Warkworth, Snells Beach, Matakana, Omaha and Wellsford are all on the Government’s Ultra-Fast Broadband (UFB) to-do list, but exactly who, when and where is still uncertain.
Minister for Communications Simon Bridges announced last month that an additional 423,000 New Zealanders would benefit from UFB by 2024, bringing the total coverage to 84 per cent.
According to the Crown Fibre Holdings website, work will be undertaken in partnership with Chorus, the main supplier in the area.
Warkworth business owner and One Warkworth Business Association deputy chair, Mark Macky, employs around 30 staff and like many other businesses, uses cloud-based systems. He says the network becomes swamped when hosting more than 15 staff.
“Data speed in Warkworth is terrible,” Mark says. “It’s holding businesses back and stopping new businesses moving to the area.”
Priority for the UFB rollout is linked to population growth. Warkworth is predicted to grow to 4759 by 2023 and UFB completion is expected in 2021. Mark says those figures are based on the 2013 census and are “completely inaccurate”.
“We will have that many people in Warkworth by the end of the year. It looks like nothing’s going to happen for the next four years and that’s too far away because the old copper system will be completely overloaded by then.”
Auckland Council’s chief of strategy Jim Quinn says they are awaiting further details from the Government about what the next steps are in the implementation of the programme. One Warkworth is compiling a report challenging Council’s growth figures and it hopes this will help re-prioritise the rollout.
Many rural residents have increased data speed by signing up with private providers. Darrell McNab runs Rodney Broadband which supplies around 130 rural residents across Mahurangi with wireless internet connection using strategically placed microwave dishes. Darrell says his customers are predominantly in ‘black spots’ and download speeds are improved from around two megabits per second (Mbps) to 20 Mbps.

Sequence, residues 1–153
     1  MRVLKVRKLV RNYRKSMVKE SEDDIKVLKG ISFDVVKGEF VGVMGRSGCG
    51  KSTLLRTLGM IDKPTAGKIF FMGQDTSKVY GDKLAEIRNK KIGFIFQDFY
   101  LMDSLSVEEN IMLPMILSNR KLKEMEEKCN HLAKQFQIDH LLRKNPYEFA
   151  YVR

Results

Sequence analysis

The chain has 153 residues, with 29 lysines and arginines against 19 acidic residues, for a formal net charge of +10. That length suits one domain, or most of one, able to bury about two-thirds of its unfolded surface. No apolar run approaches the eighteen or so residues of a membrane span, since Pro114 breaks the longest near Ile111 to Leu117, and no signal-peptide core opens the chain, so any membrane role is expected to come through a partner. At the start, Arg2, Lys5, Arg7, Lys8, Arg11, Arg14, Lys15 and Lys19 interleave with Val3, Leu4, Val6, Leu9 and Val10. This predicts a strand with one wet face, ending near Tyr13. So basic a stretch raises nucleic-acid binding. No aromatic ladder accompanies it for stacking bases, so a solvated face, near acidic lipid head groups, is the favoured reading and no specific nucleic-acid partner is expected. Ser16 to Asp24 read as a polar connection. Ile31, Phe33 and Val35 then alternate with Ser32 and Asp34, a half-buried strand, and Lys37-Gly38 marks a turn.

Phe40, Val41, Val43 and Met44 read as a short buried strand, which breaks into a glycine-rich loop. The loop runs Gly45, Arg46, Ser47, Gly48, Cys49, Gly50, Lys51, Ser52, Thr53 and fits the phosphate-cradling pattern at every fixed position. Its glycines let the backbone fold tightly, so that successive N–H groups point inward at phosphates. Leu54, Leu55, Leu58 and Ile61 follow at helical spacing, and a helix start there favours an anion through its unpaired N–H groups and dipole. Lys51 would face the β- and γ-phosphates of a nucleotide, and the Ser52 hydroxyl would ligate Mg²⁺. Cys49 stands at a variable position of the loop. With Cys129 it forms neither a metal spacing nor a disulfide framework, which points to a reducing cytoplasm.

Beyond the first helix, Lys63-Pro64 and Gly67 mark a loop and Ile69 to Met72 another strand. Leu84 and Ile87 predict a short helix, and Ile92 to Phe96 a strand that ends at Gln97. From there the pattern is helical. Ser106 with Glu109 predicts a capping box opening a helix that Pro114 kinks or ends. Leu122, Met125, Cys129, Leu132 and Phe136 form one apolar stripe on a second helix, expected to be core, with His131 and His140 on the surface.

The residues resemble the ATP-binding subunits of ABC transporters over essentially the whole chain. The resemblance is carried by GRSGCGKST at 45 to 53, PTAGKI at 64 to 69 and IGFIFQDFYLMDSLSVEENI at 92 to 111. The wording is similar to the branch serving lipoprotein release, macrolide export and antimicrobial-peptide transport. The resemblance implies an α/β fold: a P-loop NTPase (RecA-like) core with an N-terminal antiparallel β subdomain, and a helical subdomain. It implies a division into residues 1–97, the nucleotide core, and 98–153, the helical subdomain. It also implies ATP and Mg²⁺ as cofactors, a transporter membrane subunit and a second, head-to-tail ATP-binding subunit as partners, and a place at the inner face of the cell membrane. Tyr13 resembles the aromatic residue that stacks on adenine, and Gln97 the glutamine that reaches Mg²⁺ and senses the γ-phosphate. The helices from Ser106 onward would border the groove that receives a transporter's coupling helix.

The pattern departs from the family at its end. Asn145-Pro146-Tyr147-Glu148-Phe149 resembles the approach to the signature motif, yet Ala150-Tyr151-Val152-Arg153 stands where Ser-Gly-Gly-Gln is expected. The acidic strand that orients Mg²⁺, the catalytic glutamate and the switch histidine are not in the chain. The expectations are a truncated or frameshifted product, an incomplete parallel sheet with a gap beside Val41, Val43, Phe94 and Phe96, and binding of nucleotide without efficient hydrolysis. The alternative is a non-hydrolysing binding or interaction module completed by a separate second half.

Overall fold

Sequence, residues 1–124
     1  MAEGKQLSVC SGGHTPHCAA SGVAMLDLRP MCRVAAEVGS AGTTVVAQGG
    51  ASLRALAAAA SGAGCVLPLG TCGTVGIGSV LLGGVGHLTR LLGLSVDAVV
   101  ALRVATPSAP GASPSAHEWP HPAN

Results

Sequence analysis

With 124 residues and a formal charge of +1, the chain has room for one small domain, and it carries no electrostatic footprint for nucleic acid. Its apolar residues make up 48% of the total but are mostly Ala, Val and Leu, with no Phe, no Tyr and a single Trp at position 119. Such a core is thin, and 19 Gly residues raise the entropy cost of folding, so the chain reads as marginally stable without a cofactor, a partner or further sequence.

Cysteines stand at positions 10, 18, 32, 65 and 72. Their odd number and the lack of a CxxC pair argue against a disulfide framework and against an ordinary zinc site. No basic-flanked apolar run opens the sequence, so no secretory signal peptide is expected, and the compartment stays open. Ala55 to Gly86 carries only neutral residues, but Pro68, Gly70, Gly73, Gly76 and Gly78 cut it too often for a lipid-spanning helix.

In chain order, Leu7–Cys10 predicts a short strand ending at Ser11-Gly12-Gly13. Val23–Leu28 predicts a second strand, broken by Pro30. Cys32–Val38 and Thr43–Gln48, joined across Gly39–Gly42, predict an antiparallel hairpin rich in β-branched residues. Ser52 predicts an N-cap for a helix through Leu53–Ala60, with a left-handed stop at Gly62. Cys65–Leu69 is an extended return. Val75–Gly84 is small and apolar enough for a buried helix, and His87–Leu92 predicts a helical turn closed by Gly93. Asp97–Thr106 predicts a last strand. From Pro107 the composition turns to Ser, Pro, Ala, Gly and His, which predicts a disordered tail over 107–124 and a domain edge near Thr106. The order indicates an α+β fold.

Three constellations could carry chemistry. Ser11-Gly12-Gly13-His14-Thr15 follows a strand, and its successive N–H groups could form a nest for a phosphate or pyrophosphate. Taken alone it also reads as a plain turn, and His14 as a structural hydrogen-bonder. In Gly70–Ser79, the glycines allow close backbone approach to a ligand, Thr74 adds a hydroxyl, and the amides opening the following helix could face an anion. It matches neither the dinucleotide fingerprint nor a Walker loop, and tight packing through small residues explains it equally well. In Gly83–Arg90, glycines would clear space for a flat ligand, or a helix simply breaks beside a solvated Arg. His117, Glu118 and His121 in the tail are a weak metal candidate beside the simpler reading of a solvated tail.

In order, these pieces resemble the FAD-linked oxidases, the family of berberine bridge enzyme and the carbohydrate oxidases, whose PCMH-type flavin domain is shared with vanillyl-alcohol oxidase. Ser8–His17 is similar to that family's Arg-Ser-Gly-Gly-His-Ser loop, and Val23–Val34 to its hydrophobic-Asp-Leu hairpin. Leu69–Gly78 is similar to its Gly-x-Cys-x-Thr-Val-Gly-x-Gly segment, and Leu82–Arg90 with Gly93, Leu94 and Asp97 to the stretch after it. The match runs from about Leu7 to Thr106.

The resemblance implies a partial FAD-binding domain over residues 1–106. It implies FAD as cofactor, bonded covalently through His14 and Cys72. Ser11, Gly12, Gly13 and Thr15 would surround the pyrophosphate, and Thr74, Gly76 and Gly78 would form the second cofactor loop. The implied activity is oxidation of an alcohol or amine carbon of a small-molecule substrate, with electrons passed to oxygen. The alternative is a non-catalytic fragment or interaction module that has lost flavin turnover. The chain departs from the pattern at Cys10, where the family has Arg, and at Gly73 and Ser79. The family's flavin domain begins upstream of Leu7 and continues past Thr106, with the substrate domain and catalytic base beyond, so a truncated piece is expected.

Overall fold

He says connecting rural or semi-rural residents to UFB, which is normally categorised as speeds of around 100 Mbps, is difficult because it requires fibre cable to each household, rather than to central ‘nodes’.
“To get UFB to the average rural household would be time-consuming, costly and would require significant planning. Increasing fibre to the node will improve speed, but using existing copper wires to the house means it will only be souped-up VDSL,” Darrell says.
Fibre is being installed in new subdivisions, but many existing cabinets have reached connection capacity. Darrell says people are increasingly contacting him for advice before purchasing homes.
Rodney Broadband customer and business technology consultant, Nat Torkington is doubtful the UFB scheme will be sufficiently widespread.
“The devil is always in the detail,” Mr Torkington says. “Those of us down rural roads are unlikely to be satisfied even by 2024.”